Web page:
Convicts Creolization and Cosmopolitanism in the British and French Empires

From the 17th to mid-20th centuries, the British and French empires transported c.475,000 convicts to the colonies. About one third were of Asian, African, Indigenous or Creole (mixed) heritage; after release many became settlers. This project is the first interdisciplinary and comparative study of descent and descendants among these non-Europeans, during the period since the 1780s when individual record-keeping emerged. It will pioneer integrated analysis of archives, databases, genealogy, focus groups, and interviews, to explore cultural transfers and transformations; specify economic and social outcomes; revise theories of coloniality and diaspora; and enable work in other disciplines and penal colony contexts.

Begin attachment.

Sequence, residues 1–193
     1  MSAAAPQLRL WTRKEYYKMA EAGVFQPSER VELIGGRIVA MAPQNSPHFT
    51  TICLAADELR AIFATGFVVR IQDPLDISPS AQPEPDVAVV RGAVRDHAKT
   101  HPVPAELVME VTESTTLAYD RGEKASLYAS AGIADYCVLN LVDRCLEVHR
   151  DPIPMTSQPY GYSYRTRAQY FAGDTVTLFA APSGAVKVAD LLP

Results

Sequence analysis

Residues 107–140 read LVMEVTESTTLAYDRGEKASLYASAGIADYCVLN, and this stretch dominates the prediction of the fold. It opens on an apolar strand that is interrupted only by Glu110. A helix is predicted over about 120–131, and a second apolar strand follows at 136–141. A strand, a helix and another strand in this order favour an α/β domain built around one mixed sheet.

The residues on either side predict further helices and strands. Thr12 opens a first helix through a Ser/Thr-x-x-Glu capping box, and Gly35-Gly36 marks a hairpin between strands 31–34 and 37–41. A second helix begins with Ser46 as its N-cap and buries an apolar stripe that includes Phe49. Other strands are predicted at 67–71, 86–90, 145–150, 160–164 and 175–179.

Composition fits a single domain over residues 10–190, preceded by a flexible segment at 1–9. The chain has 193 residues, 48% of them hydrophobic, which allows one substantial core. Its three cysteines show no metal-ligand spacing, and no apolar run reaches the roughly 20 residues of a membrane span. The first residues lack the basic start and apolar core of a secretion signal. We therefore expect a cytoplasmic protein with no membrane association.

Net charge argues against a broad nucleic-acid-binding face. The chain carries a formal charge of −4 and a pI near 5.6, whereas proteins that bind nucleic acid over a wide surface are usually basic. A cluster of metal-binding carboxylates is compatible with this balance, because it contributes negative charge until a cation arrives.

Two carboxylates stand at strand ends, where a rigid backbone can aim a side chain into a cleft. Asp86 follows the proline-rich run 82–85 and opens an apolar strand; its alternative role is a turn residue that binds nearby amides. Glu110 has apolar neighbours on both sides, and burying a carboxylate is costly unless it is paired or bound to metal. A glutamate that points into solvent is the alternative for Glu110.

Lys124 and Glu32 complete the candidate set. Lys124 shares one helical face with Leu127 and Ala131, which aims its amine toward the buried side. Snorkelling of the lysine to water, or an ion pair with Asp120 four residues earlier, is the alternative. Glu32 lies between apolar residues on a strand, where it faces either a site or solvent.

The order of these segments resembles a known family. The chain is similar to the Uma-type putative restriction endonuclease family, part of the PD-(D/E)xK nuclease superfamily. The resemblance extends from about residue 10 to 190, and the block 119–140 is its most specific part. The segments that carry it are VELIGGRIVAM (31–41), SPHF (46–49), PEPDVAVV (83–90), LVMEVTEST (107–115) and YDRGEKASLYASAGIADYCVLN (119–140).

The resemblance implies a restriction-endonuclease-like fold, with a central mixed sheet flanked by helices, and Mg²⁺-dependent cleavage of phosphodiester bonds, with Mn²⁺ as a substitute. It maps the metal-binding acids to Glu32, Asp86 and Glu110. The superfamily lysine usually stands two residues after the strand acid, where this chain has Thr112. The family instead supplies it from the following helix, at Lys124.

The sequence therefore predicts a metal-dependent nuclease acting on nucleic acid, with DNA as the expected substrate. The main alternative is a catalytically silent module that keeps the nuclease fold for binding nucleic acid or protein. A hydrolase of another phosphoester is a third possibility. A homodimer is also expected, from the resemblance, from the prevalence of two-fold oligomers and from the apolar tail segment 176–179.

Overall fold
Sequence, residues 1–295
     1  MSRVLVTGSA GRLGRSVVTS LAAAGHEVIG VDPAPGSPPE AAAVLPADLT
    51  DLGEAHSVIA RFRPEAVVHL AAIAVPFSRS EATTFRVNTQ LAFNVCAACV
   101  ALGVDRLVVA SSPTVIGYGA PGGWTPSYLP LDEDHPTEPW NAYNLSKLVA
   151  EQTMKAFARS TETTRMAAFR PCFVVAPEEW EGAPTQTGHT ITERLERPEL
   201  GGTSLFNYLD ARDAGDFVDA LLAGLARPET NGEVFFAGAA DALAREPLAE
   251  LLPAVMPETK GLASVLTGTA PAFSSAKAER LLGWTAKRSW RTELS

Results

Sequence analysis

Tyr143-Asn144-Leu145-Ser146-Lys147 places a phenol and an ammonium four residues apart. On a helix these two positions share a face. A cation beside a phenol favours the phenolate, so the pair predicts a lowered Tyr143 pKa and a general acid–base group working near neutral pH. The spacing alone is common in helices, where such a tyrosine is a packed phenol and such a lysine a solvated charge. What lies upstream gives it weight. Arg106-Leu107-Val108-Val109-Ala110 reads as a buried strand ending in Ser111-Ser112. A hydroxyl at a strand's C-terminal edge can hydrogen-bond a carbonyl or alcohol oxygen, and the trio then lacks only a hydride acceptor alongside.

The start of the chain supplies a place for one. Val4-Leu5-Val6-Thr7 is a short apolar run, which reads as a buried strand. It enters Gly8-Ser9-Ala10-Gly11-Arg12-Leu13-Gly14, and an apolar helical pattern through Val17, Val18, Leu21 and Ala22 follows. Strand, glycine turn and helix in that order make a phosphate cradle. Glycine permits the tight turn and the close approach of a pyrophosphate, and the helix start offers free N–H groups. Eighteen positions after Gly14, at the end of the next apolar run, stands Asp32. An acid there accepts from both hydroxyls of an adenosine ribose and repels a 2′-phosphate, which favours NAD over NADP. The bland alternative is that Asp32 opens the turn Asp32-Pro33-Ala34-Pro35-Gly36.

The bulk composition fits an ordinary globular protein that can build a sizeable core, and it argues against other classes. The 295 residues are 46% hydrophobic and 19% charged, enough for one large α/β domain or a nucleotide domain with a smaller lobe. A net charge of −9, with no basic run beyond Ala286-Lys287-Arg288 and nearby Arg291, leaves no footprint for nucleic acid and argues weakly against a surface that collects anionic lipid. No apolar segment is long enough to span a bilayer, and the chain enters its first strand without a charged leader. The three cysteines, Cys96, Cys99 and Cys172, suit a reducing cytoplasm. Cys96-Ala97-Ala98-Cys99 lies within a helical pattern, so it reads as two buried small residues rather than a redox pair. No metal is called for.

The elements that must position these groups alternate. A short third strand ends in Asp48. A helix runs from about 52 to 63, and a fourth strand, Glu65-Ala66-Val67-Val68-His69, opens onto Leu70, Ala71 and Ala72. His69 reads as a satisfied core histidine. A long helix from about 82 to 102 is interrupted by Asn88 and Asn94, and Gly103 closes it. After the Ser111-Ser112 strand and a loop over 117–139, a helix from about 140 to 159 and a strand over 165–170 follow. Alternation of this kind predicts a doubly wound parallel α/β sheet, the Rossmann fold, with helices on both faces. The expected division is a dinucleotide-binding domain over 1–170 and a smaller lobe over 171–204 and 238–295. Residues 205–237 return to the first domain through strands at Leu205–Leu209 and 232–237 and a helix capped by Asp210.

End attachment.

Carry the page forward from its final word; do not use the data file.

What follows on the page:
The project is led by Professor Clare Anderson, working with postdoctoral research associate Dr Lorraine Paterson